Three days in a row. That’s the Nasdaq’s (COMP) string of losses through Thursday as the index continued to sag after its long August winning streak. Shares of Amazon (AMZN), Facebook (FB), Apple (AAPL), and Alphabet (GOOG) soaked up new losses, though Netflix (NFLX) did manage a slight comeback. Yep, the FAANGS are hurting a bit. Some of the weakness might stem from this week’s resurgence of privacy issues for social media associated with some companies appearing before Congress. AAPL and AMZN shares might just be taking a breather after both made big runs in August.
Another loss leader Thursday was the chip sector, with Micron (MU) among the hardest hit (see more below) due in part to pricing issues for one of its key products. Though COMP clawed back late in the day from its steepest midday losses, it wasn’t enough to prevent a nearly 1% drop. The index finished Thursday down more than 200 points, or around 2.5%, from last week’s all-time high.
Though it’s been a rocky week, keep in mind that all the major indices remain much higher for the full year. The COMP is up 14.8% year-to-date, the S&P 500 (SPX) has risen 7.7%, and the Dow Jones Industrial Average is up 5.2%. Also, volume has been relatively moderate this week, perhaps a sign that there’s no major wave of selling taking place. It’s more of a slow leak. We’re also just a few days removed from the best August stock market performance in four years.
While it’s been a rough week for tech, non-cyclical sectors including telecom and utilities both posted strong gains Thursday as it appeared some investors might have been looking for possible protection from volatility and selling pressure in tech and financials. Earlier this week there appeared to be some sector rotation at work out of tech and into other sectors. That may have been the case again Thursday.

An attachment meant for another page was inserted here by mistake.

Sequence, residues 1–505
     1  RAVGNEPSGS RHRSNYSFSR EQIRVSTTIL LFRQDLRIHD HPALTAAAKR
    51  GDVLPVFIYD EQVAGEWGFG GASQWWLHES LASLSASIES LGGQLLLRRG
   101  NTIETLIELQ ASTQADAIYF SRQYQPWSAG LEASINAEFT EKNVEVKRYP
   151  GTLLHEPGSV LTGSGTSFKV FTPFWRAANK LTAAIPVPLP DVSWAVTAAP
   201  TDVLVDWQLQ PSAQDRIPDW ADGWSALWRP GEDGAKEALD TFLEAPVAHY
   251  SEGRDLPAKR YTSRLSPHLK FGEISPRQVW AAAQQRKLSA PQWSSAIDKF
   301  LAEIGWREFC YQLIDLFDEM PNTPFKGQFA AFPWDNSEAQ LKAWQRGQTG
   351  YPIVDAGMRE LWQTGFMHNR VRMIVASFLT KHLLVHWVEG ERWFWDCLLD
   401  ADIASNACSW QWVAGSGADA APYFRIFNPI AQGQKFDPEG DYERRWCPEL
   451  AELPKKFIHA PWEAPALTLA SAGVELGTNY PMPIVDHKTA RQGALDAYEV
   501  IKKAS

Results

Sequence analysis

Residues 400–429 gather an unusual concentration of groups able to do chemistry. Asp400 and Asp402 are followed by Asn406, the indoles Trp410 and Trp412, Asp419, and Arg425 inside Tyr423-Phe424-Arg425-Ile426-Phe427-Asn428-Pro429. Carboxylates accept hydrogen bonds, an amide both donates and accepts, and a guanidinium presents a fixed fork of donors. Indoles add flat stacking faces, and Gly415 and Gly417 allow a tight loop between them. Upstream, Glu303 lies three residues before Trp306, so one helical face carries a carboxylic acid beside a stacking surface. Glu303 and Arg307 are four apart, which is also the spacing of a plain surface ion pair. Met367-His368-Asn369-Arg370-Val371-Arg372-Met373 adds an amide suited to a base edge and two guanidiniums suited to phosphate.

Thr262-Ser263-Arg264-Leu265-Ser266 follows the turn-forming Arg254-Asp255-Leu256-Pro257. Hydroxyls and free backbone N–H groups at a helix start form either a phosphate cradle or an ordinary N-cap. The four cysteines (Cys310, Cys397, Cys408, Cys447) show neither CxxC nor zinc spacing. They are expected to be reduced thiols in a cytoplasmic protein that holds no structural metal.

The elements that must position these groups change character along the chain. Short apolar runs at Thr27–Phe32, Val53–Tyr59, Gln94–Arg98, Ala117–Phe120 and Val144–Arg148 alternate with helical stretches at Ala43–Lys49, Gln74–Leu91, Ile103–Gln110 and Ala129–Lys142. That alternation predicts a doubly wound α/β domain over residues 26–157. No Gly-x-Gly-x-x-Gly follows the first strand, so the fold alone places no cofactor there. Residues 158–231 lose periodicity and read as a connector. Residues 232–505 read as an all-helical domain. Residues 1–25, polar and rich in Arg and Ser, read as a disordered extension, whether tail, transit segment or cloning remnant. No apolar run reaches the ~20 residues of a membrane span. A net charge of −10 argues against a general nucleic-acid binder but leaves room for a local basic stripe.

Meanwhile, the Treasury market, which had been relatively flat earlier in the week, found some buying interest Thursday. Ten-year yields, which move the opposite way of Treasury notes, fell back below 2.9%, another possible sign of investor caution.
Not everything was red. The $DJI rose again Thursday as some of the big multinational names like Caterpillar (CAT), Lockheed Martin (LMT), Deere (DE), and Boeing (BA) all gained. Industrials do seem to be finding some investor attention lately, perhaps part of the sector swing out of tech. However, the trade issues still hanging over the market have contributed to industrials under-performing the broader S&P 500 Index (SPX) over the last three months.
The immediate trade worry may be the Trump administration’s threat to slap tariffs on $200 billion in additional Chinese goods, something that analysts say could happen as soon as today. The public comment period on the proposed tariffs, which range between 10% and 25%, ended yesterday. China has retaliated with tariffs of its own on U.S. products recently when the U.S. announced tariffs.
Crude oil continues to slip, falling below $68 a barrel despite a weekly U.S. stockpiles report showing a bigger draw than many analysts had expected. Gasoline stocks rose, however, and concerns about demand out of emerging markets like China might be continuing to weigh on crude and other industrial commodities like copper. That key industrial commodity (copper), is down 18% from its highs of earlier this year. Some investors watch copper carefully as a possible barometer for wider economic demand. From a stock standpoint, the crude losses seemed to hit the energy sector pretty hard, and it’s the worst-performing sector over the last month.